Do you really think that God is happy that His children are singing lovely songs and listening to a “great sermon”, and yet they hardly know anything about most of the people around them in church? What are believers supposed to do when they gather together? How about: doing things that engender meaningful relationships, such as the things we see mentioned here in scripture:


“Bear ye one another’s burdens, and so fulfil the law of Christ.” [Gal 6:2]



“Let the word of Christ dwell in you richly in all wisdom; teaching and admonishing one another in psalms and hymns and spiritual songs, singing with grace in your hearts to the Lord.” [Col 3:16]



“And they continued steadfastly in the apostles’ doctrine and fellowship, and in breaking of bread, and in prayers.  And fear came upon every soul: and many wonders and signs were done by the apostles.  And all that believed were together, and had all things common;  And sold their possessions and goods, and parted them to all men, as every man had need.  And they, continuing daily with one accord in the temple, and breaking bread from house to house, did eat their meat with gladness and singleness of heart,  Praising God, and having favour with all the people. And the Lord added to the church daily such as should be saved.” [ Acts 2:42-47]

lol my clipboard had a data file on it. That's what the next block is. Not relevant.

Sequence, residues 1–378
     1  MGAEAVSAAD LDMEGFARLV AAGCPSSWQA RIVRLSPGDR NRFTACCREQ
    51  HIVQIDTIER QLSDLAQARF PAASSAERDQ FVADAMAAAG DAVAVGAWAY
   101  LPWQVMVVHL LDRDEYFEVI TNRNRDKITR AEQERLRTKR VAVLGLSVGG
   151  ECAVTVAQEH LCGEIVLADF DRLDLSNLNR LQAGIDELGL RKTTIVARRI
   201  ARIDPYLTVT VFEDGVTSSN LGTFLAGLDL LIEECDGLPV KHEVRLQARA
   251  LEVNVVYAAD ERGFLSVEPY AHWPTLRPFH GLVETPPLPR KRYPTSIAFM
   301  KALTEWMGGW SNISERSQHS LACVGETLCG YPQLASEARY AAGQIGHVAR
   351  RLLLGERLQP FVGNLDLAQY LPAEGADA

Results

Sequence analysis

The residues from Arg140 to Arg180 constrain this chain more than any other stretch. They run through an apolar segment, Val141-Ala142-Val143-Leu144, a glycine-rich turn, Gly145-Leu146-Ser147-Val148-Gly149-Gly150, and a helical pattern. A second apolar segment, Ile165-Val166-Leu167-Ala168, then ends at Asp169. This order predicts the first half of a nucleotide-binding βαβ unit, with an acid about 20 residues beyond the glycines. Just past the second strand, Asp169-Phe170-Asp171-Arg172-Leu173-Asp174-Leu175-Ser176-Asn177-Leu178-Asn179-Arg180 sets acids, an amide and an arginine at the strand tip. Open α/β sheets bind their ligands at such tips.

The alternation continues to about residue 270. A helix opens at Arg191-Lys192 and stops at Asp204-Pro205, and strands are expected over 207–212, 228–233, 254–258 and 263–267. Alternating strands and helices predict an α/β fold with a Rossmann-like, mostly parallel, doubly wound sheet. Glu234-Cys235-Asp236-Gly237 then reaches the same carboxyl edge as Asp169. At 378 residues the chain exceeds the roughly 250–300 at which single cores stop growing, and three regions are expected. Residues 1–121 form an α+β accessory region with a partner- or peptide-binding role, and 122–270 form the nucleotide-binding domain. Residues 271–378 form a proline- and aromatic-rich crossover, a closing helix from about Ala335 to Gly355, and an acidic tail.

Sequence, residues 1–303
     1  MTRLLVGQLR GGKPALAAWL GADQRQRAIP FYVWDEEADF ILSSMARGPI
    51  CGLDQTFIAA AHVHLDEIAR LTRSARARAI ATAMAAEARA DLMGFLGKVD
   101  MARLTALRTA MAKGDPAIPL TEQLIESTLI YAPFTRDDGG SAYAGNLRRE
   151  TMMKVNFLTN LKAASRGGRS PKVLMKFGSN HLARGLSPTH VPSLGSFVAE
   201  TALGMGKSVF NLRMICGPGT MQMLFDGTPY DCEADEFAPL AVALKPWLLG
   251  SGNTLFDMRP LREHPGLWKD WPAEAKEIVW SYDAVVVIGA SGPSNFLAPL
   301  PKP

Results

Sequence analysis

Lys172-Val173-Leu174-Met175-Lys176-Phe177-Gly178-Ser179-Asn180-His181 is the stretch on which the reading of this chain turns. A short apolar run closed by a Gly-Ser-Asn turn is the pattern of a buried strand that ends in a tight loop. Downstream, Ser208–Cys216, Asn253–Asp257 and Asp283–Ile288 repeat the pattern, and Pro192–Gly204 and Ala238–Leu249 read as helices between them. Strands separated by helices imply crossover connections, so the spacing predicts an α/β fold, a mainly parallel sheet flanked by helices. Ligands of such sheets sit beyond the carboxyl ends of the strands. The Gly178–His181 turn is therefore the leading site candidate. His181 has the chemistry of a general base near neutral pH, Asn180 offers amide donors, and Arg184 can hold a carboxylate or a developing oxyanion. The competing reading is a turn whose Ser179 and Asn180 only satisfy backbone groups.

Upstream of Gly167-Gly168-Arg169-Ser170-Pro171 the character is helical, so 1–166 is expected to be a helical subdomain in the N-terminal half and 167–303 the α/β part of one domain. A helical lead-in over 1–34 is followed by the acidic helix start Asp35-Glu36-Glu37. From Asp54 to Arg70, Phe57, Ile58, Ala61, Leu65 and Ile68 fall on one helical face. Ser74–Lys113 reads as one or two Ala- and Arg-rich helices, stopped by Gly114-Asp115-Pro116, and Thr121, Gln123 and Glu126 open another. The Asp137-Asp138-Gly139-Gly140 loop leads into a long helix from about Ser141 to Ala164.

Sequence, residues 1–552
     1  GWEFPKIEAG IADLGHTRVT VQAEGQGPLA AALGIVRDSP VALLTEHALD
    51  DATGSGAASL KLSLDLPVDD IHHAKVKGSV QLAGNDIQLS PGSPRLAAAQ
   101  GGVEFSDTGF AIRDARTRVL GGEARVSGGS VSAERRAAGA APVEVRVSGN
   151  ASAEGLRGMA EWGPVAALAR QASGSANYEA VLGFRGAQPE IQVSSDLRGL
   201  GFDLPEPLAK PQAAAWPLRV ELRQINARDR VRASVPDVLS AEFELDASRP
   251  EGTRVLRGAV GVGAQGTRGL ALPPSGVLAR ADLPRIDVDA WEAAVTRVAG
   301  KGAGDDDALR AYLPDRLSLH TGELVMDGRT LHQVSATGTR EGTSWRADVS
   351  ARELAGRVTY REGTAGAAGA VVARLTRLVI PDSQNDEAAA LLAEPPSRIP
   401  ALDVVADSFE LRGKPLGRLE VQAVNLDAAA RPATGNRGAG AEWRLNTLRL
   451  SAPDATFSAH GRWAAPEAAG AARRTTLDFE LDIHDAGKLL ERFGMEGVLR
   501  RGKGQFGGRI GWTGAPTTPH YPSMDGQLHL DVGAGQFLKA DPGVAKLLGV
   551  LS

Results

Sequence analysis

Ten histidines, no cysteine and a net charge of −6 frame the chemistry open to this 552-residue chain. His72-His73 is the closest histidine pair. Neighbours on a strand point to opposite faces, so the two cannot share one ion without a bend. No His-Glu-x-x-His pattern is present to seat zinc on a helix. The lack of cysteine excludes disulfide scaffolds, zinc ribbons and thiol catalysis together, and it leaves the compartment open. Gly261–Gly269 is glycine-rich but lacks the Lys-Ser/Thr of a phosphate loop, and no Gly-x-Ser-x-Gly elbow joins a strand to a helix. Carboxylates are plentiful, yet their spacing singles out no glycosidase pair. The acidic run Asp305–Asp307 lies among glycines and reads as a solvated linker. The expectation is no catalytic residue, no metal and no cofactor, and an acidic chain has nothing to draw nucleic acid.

If I have stepped on toes or incited a riot, good! That is usually what it takes (i.e. a lot of prodding and cage rattling) for Christ’s sheep to get back on track to where they are really supposed to be when they are far off track.


“My people hath been lost sheep: their shepherds have caused them to go astray, they have turned them away on the mountains: they have gone from mountain to hill, they have forgotten their restingplace.” [Jer 50:6]



“Be ye followers of me, even as I also am of Christ.  Now I praise you, brethren, that ye remember me in all things, and keep the ordinances, as I delivered them to you.” [1Cor 1:1-2]


We are to shun the profane rituals of the world and its religiosity and man-pleasing pomp:


“But I fear, lest by any means, as the serpent beguiled Eve through his subtilty, so your minds should be corrupted from the simplicity that is in Christ.” [2 Cor 11:3]


In fact, by *properly* adhering to the “regulative principle” of worship, Christ’s bride should find itself acting a whole lot different from the world, not only when they gather together to break bread and fellowship, but also when out in the world among those who are unsaved. Also Christ’s bride should not be satisfied with the superficiality of “churchianity” (i.e. counterfeit religion). But there is MUCH to unlearn for those of us who have been in that system most or all of our lives. Old habits die hard! May God richly bless YOU as you seek to worship Him in spirit and in truth!